Accordingly, for example, the Ottoman ambassador joined Kara Mehmet Pasha in 1665 in Vienna:
On the morning of 14 July 1683, at the start of the Second Siege of Vienna , brought the Delibaši the Grand Vizier Kara Mustafa Pasha , Ahmed Aga, the Viennese as a negotiator for a letter of invitation to surrender and surrender of the city. [16 ]
Most of the illustrations Deli date from the 16th Century. They are found in Ottoman miniatures and western drawings and prints. Always - even in combat - the pictures show the more representative features of the Deli , so be typed and limited-realistic images.
Typical of the traditional image of the mounted Deli 16th Century fur hat with bird of prey wings or individual feathers and clothing or cap of skins of leopard, wolf, bear, lion or hyena. The Deli are armed with lance and sword, sometimes with a club, and does not carry the Turkish round shield, but in the lower part and the upper part rectangular and oblique cusped sign of the Christian peoples of the Balkans. In contrast to the Akıncı lack the reflex arc with them.
This appearance is also drawn in travelogues of Western visitors to the Ottoman Empire, such as Nicolas de Nicolay (travel from 1551 book: Lyons 1567 and others)  ., and Luigi Bassano (1545)  report both that they Deli from the Balkans came and themselves in their own language zataznicis (plural) or sataznich (singular) called what today's Serbo-Croatian "zatočnici" or "zatočnik" , ie "Knight" corresponds.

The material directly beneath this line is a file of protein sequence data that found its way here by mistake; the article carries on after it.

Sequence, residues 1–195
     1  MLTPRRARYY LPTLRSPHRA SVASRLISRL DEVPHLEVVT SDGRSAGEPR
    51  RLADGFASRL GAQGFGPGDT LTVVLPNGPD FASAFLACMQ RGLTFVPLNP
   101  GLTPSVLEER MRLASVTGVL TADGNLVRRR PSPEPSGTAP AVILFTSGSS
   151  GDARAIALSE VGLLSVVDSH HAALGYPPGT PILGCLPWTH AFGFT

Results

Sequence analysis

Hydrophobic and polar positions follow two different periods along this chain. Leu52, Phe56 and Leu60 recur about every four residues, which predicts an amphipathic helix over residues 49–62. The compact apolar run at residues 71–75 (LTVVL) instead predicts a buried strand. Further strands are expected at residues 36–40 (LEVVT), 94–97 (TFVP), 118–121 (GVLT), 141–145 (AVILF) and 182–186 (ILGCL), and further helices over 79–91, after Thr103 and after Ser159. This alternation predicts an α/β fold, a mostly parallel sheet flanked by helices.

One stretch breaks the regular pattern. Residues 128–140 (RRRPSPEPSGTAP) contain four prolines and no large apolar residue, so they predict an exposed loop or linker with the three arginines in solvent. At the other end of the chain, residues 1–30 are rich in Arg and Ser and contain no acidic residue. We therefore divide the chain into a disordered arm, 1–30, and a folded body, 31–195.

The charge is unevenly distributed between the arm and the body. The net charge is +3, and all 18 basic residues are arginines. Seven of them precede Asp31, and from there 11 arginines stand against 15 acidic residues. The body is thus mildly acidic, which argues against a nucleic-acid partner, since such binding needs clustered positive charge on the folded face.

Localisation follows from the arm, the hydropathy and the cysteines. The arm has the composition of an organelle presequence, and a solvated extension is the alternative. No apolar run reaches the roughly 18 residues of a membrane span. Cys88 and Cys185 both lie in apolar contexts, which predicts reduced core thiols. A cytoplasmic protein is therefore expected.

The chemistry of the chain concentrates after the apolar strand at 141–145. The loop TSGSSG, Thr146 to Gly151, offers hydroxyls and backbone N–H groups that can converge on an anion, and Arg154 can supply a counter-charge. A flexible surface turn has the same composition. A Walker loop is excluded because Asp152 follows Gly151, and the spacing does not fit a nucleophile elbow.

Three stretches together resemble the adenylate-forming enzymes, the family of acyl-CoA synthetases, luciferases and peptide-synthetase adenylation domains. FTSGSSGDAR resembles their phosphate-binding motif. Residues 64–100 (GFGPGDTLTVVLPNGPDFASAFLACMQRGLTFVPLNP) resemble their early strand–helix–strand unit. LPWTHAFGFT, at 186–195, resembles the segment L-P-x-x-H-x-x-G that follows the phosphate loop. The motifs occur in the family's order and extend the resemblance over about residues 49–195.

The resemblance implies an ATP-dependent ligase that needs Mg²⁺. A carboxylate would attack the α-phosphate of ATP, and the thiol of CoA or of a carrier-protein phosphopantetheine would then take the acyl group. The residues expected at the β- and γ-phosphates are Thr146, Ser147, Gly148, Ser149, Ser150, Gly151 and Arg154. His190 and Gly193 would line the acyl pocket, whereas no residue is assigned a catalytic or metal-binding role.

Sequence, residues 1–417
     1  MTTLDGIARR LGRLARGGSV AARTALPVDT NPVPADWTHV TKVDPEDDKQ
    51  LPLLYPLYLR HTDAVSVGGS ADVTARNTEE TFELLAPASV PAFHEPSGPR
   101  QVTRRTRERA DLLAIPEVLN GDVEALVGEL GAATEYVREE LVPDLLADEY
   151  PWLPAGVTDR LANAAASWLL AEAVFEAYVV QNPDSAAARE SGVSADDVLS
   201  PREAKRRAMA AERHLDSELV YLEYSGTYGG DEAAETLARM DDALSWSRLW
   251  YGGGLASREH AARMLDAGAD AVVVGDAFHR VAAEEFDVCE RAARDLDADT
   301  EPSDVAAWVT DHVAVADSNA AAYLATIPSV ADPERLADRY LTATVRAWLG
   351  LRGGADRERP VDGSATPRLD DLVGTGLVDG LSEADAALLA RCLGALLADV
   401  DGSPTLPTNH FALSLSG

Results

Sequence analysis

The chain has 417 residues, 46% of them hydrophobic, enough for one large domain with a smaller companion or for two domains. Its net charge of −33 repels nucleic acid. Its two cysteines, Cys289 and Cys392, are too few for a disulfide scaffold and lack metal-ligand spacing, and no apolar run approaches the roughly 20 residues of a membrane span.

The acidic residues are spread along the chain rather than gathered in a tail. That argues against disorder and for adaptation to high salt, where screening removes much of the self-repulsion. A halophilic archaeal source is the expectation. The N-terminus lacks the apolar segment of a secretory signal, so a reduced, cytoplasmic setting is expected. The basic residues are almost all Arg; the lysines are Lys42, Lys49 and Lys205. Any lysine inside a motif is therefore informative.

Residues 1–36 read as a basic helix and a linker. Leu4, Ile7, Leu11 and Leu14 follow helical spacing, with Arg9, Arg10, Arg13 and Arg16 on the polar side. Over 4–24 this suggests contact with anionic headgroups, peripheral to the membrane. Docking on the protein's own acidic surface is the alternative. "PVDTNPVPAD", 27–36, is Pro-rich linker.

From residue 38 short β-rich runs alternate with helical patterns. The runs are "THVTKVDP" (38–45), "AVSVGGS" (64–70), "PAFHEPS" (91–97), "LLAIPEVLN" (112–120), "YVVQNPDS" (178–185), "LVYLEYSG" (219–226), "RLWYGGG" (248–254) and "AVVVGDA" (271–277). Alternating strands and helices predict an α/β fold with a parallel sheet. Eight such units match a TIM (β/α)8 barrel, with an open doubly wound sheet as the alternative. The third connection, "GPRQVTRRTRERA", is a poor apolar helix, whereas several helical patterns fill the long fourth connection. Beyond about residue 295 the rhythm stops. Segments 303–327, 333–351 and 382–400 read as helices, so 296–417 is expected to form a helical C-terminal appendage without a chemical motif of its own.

Towards the end of the 18th Century, it happened more often that Deli associations were released and found no more use. Their weapons and fighting style did not meet the newer Ottoman military strategies. Under a Delibaschi or in smaller teams then searched their living by robbing and looting sure. This happened, for example, under theDelibaschi Koca, the extensive deli -commanded troops and area of Kütahya terrorized the villages. Similarly unsettled Delibaschi İsmail about 1801 the Konya region and participated in 1803 with his Deli in an uprising against the reorganization of the army, by which the Deli should find no official use more. But only after the Russo-Ottoman War of 1828-1829 , on the Deli had participated yet, succeeded Sultan Mahmud II , to put an end to the gangs. Many Deli fled and sought refuge in Egypt and Syria . SomeDeli could be pacified and Anatolia settle. Last remains of predatory Deli destroyed Esad Pasha, the Vali of Karaman . [2 ]Deli RADIG , the name of the campaign diary of Sultan Suleiman I
Of the actual Deli must distinguish persons in old sources namely the part of the name Deli were called, but did not hold the military and representative functions. Such Deliwas, for example, Deli Hasan Pasha , the end of the 16th Century led an uprising against the Ottoman Empire and the Ottoman army defeated in Tokat. 
Even more daring, non-Muslim opponents were sometimes appreciative of the Ottomans Deli called. Thus, in Suleiman I. War Diary an Delü RADIG is mentioned.